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Tourism entrepreneur fulfills his dream on the high plateau

By Palden Nyima and Da Qiong in Lhasa | China Daily | Updated: 2016-02-22 08:09

Tourism entrepreneur fulfills his dream on the high plateau

Xu Bin stands in front of Qomolangma in Tibet.[Photo provided to China Daily]

Ten years ago, Xu Bin was a 22-year-old student at the China Academy of Art, making his very first trip to the Tibet autonomous region to complete a painting project for school.

The trip by bus from his home in Northwest China's Gansu province took more than 48 hours and he roughed it the rest of the way. "Traveling was a big challenge as there was no railway access to Tibet in 2004, and I made my way across the whole region by backpacking, hitching rides and trekking," Xu said.

Two years after that first trip, Xu shifted from a career as a painter to information technology. But his interest in Tibet stayed constant. He set out to establish a tourism company to bring others to the land of the high plateau, where the average altitude towers above 4,000 meters.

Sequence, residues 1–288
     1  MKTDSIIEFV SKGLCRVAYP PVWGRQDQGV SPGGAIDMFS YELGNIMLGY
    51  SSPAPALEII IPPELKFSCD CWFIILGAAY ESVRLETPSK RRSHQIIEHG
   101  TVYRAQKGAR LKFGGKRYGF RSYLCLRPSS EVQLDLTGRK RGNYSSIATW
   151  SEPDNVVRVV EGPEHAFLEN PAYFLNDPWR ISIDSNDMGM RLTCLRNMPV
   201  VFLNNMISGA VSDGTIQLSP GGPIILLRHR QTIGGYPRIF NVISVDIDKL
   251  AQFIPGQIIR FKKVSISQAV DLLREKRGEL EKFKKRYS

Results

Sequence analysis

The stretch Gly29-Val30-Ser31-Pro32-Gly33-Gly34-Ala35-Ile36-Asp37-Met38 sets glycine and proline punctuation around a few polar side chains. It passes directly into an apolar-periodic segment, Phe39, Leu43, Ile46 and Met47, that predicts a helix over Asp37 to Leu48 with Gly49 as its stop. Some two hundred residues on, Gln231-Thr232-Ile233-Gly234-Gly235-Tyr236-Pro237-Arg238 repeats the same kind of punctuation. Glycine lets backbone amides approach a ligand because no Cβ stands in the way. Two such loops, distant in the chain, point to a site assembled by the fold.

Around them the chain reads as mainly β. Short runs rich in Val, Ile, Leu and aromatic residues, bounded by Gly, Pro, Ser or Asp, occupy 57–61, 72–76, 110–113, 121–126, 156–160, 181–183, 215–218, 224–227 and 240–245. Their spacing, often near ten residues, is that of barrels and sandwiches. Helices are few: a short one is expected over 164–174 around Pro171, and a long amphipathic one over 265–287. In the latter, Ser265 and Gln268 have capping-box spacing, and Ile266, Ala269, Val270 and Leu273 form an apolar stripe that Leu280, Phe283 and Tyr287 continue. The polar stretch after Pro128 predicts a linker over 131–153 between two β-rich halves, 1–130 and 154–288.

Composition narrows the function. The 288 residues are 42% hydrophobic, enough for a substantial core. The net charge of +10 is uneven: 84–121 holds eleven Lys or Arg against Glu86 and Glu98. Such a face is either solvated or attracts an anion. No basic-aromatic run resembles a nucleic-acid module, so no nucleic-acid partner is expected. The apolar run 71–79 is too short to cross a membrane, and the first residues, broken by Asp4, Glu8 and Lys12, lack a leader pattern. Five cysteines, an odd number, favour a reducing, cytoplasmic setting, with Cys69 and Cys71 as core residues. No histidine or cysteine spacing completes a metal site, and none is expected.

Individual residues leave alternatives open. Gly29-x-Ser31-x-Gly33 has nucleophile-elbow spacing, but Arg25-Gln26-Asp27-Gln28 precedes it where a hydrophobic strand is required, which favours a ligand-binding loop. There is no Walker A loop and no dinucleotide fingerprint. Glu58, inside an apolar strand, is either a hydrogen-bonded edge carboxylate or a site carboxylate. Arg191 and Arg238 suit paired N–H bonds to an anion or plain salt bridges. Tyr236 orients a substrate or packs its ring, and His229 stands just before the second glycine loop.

With the world's highest mountain, the formidable Qomolangma, known as Mount Everest in the West, and the vast Changtang grassland, nearly as big as Western Europe in size, Tibet attracts visitors with its extremes. It's also home to more large animals than anywhere else in China, including the Tibetan antelope, wild yak and Tibetan brown bear.

In 2008, Xu founded the company, Yunduan Tourism Development. A year later, his website catering to independent travel,, came online to provide advice for travelers on where to eat, stay and see the sights.

Xu is tapping into a surge of interest in travel to Tibet and recent efforts by the central and the regional governments to turn Lhasa into a world-class tourism city.

During the opening ceremony of Tibet's international tourism and culture expo in September, Li Shihong, deputy head of the China National Tourism Administration, stressed the importance of nurturing Tibetan tourism as an important gateway to Southwest China.

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